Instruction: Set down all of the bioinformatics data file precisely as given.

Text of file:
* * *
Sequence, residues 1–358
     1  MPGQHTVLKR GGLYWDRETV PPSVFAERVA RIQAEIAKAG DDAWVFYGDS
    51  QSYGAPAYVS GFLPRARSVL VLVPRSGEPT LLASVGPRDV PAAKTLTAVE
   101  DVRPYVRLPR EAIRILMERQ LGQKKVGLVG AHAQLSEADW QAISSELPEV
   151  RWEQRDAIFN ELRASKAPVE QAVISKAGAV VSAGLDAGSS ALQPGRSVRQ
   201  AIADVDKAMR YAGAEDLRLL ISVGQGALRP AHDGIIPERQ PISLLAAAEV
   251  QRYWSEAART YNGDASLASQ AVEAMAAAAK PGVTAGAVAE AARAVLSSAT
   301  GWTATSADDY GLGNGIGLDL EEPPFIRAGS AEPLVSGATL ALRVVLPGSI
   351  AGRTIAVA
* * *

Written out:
Sequence, residues 1–358
     1  MPGQHTVLKR GGLYWDRETV PPSVFAERVA RIQAEIAKAG DDAWVFYGDS
    51  QSYGAPAYVS GFLPRARSVL VLVPRSGEPT LLASVGPRDV PAAKTLTAVE
   101  DVRPYVRLPR EAIRILMERQ LGQKKVGLVG AHAQLSEADW QAISSELPEV
   151  RWEQRDAIFN ELRASKAPVE QAVISKAGAV VSAGLDAGSS ALQPGRSVRQ
   201  AIADVDKAMR YAGAEDLRLL ISVGQGALRP AHDGIIPERQ PISLLAAAEV
   251  QRYWSEAART YNGDASLASQ AVEAMAAAAK PGVTAGAVAE AARAVLSSAT
   301  GWTATSADDY GLGNGIGLDL EEPPFIRAGS AEPLVSGATL ALRVVLPGSI
   351  AGRTIAVA